Reporters Without Borders is deeply shocked to learn that three journalists were killed in two separate incidents on 24 April. Edo Sule Ugbagwu, a court reporter for the daily The Nation, was gunned down in his Lagos home. Nathan S. Dabak, the deputy editor of the Protestant fortnightly Light Bearer, and Sunday Gyang Bwede, one of his reporters, were hacked to death in Jos, a city torn by sectarian violence.
“These murders join the long list of cases of violence against journalists in recent years in Nigeria,” Reporters Without Borders said. “The Guardian assistant news editor Bayo Ohu was gunned down in his Lagos home by intruders just seven months ago. We once against urge the authorities to shed light on the motives for these killings. It is vital that the investigators do not rule out any hypotheses.”
Ugbagwu was shot in the head by armed intruders who forced their way into his home in the Lagos district of Sasha. His younger brother, who witnessed the shooting, told local journalists the gunmen deliberately shot Ugbagwu when he ordered them to leave his home. They left immediately afterwards.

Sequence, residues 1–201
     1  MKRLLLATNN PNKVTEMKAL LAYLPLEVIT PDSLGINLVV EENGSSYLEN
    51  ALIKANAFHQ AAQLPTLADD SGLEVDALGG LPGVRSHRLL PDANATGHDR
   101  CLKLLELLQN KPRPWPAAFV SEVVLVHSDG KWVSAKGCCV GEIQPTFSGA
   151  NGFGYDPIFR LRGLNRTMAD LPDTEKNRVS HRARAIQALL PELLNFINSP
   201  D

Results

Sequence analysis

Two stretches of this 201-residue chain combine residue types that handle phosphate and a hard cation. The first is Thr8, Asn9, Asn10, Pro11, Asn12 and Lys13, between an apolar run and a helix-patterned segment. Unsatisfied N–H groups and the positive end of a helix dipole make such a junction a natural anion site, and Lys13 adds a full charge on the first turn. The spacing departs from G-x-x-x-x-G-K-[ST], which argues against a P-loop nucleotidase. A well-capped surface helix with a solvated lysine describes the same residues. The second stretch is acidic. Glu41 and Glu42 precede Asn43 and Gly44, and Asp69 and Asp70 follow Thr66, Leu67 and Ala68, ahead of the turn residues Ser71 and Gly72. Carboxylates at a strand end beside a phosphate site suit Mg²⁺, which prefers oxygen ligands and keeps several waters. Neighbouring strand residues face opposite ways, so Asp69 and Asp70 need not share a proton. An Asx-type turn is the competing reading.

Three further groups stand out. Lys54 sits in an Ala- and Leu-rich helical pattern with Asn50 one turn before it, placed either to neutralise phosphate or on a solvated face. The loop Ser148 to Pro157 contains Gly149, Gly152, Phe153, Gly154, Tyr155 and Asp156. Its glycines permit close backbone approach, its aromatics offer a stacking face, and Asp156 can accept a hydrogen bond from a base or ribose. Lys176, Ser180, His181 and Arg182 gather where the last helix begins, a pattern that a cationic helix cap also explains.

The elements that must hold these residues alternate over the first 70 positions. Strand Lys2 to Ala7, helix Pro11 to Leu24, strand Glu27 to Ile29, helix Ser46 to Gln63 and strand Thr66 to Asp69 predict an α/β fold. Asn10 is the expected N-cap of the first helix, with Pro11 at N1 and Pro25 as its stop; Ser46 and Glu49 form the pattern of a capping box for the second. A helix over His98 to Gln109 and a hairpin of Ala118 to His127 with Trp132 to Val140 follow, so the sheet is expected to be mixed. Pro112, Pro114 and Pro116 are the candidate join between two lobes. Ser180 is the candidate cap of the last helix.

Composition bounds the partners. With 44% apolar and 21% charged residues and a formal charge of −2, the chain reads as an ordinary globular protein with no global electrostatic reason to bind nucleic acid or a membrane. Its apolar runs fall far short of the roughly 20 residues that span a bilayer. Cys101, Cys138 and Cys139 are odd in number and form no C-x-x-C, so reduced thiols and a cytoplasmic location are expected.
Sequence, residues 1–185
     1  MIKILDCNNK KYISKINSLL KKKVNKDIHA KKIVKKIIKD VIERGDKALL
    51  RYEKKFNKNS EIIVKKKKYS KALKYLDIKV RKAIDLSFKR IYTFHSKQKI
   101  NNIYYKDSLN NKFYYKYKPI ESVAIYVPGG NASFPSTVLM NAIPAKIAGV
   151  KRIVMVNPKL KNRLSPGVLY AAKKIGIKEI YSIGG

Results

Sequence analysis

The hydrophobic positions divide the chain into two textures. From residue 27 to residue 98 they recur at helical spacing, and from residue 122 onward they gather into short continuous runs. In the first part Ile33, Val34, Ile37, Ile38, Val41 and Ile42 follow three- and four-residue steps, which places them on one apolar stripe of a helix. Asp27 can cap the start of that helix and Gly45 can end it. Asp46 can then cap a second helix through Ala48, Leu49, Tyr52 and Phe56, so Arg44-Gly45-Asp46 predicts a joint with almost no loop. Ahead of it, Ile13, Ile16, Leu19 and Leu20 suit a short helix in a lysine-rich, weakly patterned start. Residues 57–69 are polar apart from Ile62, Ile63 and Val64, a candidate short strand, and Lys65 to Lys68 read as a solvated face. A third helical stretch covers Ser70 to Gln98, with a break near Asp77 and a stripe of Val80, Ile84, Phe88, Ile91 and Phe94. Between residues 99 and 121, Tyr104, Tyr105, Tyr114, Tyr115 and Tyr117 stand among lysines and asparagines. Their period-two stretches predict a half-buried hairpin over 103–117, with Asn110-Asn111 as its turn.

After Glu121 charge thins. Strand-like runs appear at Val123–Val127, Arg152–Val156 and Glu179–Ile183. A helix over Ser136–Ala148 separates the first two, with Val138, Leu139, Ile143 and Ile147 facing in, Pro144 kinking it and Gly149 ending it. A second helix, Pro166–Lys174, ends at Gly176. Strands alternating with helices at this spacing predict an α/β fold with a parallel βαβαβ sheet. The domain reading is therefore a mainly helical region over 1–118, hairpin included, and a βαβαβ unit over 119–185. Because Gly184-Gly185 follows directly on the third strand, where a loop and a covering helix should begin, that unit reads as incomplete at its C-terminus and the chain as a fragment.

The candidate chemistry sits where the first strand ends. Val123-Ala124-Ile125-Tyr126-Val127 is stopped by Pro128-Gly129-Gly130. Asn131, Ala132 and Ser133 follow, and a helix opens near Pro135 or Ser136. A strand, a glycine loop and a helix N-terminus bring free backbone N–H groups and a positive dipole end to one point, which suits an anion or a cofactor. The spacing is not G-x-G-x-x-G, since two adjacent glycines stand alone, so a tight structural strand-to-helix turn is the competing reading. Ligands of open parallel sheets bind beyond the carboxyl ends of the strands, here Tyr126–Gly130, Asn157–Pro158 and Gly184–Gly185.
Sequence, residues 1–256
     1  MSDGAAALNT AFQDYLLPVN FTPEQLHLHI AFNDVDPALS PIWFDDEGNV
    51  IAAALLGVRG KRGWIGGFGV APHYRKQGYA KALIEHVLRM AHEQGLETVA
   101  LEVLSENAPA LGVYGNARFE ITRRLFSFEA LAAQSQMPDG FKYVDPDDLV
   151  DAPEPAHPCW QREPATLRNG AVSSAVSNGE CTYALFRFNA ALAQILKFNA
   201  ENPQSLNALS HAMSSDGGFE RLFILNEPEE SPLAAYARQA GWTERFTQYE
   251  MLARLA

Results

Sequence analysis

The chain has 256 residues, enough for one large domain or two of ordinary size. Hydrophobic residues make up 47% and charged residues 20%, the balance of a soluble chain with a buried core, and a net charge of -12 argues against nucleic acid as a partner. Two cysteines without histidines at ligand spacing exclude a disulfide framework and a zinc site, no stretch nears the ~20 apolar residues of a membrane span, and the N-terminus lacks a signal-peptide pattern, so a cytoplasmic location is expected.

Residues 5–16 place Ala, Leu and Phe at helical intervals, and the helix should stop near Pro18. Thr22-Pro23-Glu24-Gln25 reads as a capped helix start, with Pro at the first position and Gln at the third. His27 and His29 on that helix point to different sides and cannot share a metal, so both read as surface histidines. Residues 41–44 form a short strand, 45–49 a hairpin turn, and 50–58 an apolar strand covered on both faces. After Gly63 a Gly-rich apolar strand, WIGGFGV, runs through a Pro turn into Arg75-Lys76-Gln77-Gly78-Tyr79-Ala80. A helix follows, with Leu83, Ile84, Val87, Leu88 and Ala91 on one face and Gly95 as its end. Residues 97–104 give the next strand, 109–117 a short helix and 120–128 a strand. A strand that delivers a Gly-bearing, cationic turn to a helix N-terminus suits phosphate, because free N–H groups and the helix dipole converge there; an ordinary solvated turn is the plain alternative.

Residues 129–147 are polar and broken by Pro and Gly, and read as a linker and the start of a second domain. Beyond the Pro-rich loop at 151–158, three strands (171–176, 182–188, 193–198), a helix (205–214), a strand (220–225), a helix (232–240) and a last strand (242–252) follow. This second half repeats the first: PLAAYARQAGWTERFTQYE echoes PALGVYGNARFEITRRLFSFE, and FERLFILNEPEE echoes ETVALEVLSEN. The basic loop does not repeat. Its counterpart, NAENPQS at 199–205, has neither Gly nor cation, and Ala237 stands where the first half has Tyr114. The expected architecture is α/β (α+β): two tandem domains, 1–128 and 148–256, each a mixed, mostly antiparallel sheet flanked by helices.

Dabak and Bwede were travelling to a meeting by motorcycle with their driver when all three were attacked by a group of machete-wielding youths who were angered by the murder of a fellow Muslim. Located in the centre of the country, Jos has experienced months of clashes between its Christian and Muslim communities, with journalists inevitably suffering the consequences.
The police have said they are investigating both incidents but have not yet taken a position as regards the motives for these murders.
Niger was ranked 135th out of 175 countries in the 2009 Reporters Without Borders press freedom index.